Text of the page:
COVID-19's disruptions of ordinary life affairs can be traced in each and every aspect of life over the last year, especially that humanity is still combating the viral outbreak in every possible way. Yet, the pandemic has particularly left a deeper scar on several groups, ones that have already been marginalized and working their ways slowly for better rights and better living conditions, including women.
Humanitarian @ZainabSalbi understands the critical challenges facing working women across the Middle East during the COVID-19 pandemic. Hear how she is supporting these remarkable women through EFE's #Work4Women campaign—then add your voice & sign up today https://t.co/IGKDpYEXrH pic.twitter.com/2BxnZO7hTp— EFE Network (@EFE_Global) October 27, 2020
We can never finish discussing the different whammies that have been caused by the Coronavirus pandemic. Even a year after it has infected millions of people around the world, the virus is still wreaking havoc around, changing lives and destroying long-awaited achievements.
For years before 2020, women have been suffering undeniable levels of discrimination, whether in terms of social norms, rules, laws, political or economic opportunities.
However, most of the accomplishments that have been achieved over the last few decades have been lost to various degrees due to COVID-19. According to the Organisation for Economic Co-operation and Development, women make up the majority of workers in the healthcare sector in the Middle East, which has greatly affected their lives during the last year.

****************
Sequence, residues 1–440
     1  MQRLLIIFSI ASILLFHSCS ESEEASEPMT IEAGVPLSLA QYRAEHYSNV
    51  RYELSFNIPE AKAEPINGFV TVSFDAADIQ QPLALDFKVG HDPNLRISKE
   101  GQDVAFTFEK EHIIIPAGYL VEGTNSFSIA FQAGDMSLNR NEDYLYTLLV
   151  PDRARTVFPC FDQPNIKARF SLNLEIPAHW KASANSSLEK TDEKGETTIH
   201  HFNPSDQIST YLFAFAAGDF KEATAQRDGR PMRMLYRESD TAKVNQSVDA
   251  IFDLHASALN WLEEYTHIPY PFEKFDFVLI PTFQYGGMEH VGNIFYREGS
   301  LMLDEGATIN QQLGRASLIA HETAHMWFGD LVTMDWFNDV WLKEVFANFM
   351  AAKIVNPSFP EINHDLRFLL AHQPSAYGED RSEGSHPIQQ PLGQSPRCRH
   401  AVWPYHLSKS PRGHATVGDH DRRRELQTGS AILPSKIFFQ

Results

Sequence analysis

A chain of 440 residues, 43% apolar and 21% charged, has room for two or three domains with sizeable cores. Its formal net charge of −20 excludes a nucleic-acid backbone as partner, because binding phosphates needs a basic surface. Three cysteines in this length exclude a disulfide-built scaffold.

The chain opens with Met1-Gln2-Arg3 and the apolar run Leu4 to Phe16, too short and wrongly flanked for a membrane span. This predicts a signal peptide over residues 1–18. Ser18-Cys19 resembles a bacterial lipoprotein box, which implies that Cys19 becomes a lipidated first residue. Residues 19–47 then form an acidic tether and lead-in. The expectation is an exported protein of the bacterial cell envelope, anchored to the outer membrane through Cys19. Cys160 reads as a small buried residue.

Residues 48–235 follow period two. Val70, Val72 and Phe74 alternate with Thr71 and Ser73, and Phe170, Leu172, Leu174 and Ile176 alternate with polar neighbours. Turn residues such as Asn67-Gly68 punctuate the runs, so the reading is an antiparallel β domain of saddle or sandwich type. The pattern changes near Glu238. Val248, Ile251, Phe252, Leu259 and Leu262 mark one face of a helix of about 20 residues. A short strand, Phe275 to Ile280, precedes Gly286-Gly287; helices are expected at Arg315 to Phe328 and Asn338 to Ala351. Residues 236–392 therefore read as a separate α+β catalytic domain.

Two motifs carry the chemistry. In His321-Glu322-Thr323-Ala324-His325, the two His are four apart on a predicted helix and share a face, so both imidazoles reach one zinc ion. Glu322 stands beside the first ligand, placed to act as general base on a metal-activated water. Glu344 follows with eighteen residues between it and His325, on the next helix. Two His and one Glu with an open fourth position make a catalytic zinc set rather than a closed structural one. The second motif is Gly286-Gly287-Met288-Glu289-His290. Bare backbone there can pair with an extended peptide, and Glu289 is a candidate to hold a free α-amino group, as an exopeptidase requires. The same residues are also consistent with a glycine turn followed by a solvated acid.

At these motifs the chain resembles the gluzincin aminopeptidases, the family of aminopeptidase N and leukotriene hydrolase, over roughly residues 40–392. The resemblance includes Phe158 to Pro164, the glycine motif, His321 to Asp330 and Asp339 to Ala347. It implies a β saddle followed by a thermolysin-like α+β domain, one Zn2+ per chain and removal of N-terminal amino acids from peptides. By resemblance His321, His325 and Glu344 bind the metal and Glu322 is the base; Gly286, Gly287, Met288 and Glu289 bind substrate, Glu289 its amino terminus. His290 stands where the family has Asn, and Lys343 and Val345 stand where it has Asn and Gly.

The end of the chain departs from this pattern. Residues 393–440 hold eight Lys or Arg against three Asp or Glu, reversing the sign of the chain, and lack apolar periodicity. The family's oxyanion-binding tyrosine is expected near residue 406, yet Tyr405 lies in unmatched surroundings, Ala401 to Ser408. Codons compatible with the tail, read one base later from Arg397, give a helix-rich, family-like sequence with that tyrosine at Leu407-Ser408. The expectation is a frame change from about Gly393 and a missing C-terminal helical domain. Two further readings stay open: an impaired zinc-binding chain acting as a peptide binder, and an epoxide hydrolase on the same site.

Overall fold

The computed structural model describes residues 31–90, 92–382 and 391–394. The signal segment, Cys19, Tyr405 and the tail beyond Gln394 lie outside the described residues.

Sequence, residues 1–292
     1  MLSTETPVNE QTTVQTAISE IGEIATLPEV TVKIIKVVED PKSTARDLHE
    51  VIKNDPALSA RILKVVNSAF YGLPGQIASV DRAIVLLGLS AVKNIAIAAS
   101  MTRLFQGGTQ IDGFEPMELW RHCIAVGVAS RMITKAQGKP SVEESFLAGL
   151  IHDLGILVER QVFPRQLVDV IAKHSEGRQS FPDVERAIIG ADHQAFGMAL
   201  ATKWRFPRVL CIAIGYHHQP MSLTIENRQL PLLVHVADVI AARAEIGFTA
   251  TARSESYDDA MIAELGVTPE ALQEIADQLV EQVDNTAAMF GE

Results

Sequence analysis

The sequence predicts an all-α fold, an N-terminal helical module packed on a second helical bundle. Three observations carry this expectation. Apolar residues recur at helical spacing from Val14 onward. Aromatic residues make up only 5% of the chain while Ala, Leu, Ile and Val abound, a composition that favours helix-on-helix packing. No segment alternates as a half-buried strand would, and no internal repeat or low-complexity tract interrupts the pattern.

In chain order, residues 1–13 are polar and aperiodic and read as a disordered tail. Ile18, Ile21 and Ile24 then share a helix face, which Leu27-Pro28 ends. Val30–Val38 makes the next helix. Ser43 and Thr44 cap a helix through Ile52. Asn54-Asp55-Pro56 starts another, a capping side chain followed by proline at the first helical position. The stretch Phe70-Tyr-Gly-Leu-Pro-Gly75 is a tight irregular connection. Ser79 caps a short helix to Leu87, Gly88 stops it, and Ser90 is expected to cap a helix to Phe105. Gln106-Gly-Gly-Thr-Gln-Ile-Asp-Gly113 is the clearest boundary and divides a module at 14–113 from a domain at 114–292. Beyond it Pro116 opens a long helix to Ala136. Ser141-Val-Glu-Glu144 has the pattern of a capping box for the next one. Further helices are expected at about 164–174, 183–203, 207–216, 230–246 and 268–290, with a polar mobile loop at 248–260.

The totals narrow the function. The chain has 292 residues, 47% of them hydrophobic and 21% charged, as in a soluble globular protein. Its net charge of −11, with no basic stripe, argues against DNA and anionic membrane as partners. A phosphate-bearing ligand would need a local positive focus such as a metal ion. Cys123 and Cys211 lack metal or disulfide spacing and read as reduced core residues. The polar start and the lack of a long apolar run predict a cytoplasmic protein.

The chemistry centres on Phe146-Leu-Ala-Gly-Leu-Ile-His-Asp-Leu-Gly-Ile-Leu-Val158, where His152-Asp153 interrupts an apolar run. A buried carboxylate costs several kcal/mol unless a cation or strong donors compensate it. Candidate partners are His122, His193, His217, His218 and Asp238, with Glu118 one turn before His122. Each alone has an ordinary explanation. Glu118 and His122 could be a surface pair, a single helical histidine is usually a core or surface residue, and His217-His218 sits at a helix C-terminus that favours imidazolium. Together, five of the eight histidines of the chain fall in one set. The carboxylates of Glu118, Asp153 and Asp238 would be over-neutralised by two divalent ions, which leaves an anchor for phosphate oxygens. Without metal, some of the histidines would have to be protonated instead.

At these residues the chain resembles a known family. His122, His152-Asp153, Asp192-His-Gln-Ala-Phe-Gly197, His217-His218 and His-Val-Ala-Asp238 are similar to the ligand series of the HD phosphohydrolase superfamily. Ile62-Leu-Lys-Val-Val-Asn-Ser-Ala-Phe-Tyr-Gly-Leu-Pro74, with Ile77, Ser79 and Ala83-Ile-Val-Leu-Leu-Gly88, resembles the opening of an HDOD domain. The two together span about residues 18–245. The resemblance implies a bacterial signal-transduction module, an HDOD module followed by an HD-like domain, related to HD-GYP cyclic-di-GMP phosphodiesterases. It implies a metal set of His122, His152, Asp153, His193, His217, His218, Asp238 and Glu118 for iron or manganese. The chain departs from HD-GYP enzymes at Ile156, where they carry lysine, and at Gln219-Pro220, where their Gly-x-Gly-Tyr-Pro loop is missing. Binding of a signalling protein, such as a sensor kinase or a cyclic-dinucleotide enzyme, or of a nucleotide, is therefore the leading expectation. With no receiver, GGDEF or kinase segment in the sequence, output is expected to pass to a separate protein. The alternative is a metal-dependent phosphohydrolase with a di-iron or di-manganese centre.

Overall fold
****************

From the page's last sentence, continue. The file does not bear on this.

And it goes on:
Additionally, women make up the majority of workers in the informal workforce, such as house workers, cooks, and street vendors, which means that they are more prone to losing their sources of income than men, pressured by the acute economic recession the world is still tackling.
Whether we are talking about the health risks women working in this domain are facing or about the increasingly challenging task of balancing work with family obligations that have been traditionally tasked to women, such as unpaid work or taking care of their kids despite year-long schools' closures, women have been facing unprecedented difficulty as a result of the pandemic.
Unfortunately, the same applies to women working in the education field, as they have to continue working from home while providing all kinds of care to their kids, without being offered the chance to have a break.
COVID-19 Fuels “hidden Pandemic” Of Human Rights Violations Against Women, New Report Finds.: In the Middle East, North and Sub-Saharan Africa, extremist groups such as Boko Haram use forced marriage and… https://t.co/cQ2bTOvsai #attack #taliban #bokoharam #alshabab #nigeria— Ultrascan HUMINT (@ultrascanhumint) March 3, 2021
This virus has also jeopardized the chances of women who are trying to join the workforce in the region, as months-long lockdowns and the deepening economic crises have slashed their chances of getting decent jobs or being paid what their male counterparts are earning, hindering the decades-long work to bridge the pay gap between men and women in the region.
Consequently, these negative impacts on women's financial and social status have also influenced their rights in many of the region's countries, which has been evident in the rising number of domestic violence incidents reported in Jordan, Lebanon, Egypt, and many other countries.
What should governments do during the post-COVID era to ensure a better status for women? How can we guarantee that the pre-pandemic gains in terms of women's rights and access to opportunities will not be lost completely?
© 2000 - 2021 Al Bawaba (www.albawaba.com)